I have no idea how I missed the first issue of this series. This seems like something that’s right up my alley, as I like my small press comics with a sprinkling of dorky sorcerers and such, even though finding quality examples of that genre is exceedingly difficult (and hey, send me an e-mail if I’m wrong). I do have to say that I don’t think you’re allowed to start the second volume of a series if you only put out one issue in the first series, but I don’t get to  make the rules on such things. With this lineup of talent it was pretty much a sure thing that this book would be damned near indispensable, and I think that ends up being accurate. First up is Grant Reynolds (who has either been quiet lately or he’s just stopped sending me review comics) with a tense chase between two creatures. Very few people outside of Jim Woodring can pull off “what the fuck IS that thing?” better than Grant and those skills are heavily on display here. Next is a piece by Alec Longstreth in which a wizard tries to audition new animals to deliver messages after his owl dies. I chuckled a few times and his cartoony art was perfect for this. Also a clear sign that this book wasn’t going to be either straight fantasy or straight parody of fantasy. Ben Costa and J.R. Parks are up next with a piece about the dangers of pulling a prank on your boss when you work in some kind of evil lair of doom. The Mute by David Enos deals with a mute (duh) wandering around, getting into adventures and saving the girl. Um, spoiler alert, but not really, because that’s not the end of the story so there. This was maybe the highlight of the book, although I may still contradict myself before finishing this review. Jane Samborski is next with a detailed list of dragon rating rituals listed by the types of dragon, and might I just add that this woman has a variety of dragon poses down cold, which I can’t imagine is an easy thing. Dash Shaw has a shortie next that’s the highlight of the book (see what I did there?) about an orc in his final moments before his execution. Brilliant, that’s what it was, and after a story that brutal it was nice to get a laugh out of the ending. Finally there’s a short Icecreamlandiaish (look up their other comics on this site to see what that means) by Eve Englezos and Joshua Moutray that I won’t get into because describing a one panel story is the same thing as ruining it. I guess if you hate all things fantasy you might not like this book, but even then there are pieces that only tangentially relate to fantasy, and it still has a pile of your favorite artists (if you have good taste, that is), so I’d say it’s worth picking up. I also need to mention the production design, as that Sammy Harkham cover and the work that Francois put into designing this book were both top-notch. Look closely at that cover; it took me a minute to get exactly what was going on there. So yeah, I’d say you should buy this book, and if the back of it is to be believed there will even be a new one out soon. $6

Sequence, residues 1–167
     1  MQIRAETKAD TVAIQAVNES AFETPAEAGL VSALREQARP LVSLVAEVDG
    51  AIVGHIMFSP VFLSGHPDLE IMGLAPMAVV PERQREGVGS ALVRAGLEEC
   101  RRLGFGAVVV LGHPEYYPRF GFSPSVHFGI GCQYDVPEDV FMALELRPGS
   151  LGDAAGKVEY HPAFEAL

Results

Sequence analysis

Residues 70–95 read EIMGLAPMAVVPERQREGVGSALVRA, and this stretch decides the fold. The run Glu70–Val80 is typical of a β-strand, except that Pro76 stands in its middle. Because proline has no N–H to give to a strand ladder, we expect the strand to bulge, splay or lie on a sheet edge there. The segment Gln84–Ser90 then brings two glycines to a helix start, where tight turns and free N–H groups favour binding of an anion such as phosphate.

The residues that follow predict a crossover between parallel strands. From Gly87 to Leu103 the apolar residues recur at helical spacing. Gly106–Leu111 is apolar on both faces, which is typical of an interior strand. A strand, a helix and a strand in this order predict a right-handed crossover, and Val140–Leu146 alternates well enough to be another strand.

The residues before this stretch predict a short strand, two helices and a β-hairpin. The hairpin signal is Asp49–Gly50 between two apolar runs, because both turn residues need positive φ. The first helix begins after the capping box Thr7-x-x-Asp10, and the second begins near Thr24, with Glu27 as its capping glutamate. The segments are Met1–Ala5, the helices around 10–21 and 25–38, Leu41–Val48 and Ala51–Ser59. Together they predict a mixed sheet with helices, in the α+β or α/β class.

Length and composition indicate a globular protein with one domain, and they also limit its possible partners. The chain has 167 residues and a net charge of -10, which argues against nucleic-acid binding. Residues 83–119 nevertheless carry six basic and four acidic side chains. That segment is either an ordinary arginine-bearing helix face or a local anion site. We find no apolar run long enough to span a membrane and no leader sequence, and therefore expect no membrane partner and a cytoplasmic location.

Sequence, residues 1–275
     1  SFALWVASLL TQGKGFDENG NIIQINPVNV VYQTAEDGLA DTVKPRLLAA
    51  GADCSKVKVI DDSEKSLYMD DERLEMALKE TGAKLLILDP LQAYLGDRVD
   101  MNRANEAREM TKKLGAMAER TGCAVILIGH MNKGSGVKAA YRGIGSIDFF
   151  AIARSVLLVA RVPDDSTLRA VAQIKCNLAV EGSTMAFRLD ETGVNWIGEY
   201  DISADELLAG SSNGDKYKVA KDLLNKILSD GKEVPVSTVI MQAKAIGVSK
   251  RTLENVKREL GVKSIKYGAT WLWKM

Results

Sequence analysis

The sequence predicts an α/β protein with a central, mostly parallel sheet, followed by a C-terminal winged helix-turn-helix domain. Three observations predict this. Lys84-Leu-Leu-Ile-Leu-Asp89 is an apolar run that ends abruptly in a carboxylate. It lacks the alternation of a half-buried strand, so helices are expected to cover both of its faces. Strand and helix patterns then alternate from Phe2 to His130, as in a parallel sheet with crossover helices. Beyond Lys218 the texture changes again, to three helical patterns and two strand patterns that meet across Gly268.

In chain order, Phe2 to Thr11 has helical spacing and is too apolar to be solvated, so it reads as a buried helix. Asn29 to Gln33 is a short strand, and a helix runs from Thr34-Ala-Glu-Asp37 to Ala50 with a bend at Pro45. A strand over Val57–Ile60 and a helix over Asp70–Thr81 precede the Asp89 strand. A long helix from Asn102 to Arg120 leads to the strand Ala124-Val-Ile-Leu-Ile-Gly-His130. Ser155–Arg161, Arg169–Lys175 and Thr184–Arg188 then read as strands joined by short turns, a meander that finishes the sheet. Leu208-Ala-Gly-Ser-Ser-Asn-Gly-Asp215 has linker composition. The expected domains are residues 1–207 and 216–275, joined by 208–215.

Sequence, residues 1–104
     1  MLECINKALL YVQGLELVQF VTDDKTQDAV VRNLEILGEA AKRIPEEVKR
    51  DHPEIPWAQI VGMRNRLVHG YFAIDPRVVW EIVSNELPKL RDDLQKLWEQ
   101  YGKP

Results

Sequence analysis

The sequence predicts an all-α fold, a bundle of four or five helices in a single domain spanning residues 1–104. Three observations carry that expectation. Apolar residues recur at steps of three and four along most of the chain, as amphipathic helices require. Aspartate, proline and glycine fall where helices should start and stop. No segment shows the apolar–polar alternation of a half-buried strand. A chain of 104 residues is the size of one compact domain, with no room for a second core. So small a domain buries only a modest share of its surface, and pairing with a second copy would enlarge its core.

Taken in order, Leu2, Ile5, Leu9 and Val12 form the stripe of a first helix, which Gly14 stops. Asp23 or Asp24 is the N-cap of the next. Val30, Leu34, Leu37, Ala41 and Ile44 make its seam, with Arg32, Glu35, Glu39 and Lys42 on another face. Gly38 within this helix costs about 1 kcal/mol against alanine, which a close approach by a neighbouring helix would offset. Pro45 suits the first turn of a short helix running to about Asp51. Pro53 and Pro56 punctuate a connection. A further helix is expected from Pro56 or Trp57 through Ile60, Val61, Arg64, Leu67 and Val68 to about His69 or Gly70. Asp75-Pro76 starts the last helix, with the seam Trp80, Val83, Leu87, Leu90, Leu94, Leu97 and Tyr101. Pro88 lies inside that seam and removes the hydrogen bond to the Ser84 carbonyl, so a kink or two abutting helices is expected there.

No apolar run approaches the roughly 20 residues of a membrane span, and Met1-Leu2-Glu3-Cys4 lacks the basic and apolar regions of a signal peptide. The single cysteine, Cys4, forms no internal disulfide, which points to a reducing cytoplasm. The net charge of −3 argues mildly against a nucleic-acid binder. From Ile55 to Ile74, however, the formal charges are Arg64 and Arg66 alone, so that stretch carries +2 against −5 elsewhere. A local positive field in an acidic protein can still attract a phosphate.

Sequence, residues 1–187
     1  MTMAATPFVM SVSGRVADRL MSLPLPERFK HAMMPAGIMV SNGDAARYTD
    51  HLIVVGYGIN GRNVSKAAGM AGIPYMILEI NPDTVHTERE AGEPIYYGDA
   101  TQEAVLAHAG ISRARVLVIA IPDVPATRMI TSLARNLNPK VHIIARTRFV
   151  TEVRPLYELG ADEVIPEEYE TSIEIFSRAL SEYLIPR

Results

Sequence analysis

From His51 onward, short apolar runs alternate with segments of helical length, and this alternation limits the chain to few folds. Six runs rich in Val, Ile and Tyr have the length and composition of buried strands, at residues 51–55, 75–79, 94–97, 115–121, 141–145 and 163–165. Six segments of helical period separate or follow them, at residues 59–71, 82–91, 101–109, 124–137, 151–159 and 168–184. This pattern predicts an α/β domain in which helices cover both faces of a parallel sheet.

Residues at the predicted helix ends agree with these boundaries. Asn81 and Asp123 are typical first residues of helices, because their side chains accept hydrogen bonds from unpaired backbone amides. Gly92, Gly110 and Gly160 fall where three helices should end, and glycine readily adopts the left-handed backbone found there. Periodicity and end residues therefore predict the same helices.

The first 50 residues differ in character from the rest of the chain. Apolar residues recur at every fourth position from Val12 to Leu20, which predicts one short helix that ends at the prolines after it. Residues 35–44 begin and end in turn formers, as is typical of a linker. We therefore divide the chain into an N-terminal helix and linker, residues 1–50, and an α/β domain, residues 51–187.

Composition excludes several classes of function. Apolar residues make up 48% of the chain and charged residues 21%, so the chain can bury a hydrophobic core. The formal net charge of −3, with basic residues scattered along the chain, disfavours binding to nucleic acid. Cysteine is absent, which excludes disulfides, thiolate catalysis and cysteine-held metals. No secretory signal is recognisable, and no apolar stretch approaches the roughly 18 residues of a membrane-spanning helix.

Vigneault, Francois – Bird Brain #4